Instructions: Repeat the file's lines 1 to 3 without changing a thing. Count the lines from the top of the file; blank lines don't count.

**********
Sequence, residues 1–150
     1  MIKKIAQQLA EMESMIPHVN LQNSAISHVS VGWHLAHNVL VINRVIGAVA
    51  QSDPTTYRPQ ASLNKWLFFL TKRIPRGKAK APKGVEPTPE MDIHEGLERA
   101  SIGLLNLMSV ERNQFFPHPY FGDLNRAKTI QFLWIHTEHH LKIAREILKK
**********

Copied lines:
Sequence, residues 1–150
     1  MIKKIAQQLA EMESMIPHVN LQNSAISHVS VGWHLAHNVL VINRVIGAVA
    51  QSDPTTYRPQ ASLNKWLFFL TKRIPRGKAK APKGVEPTPE MDIHEGLERA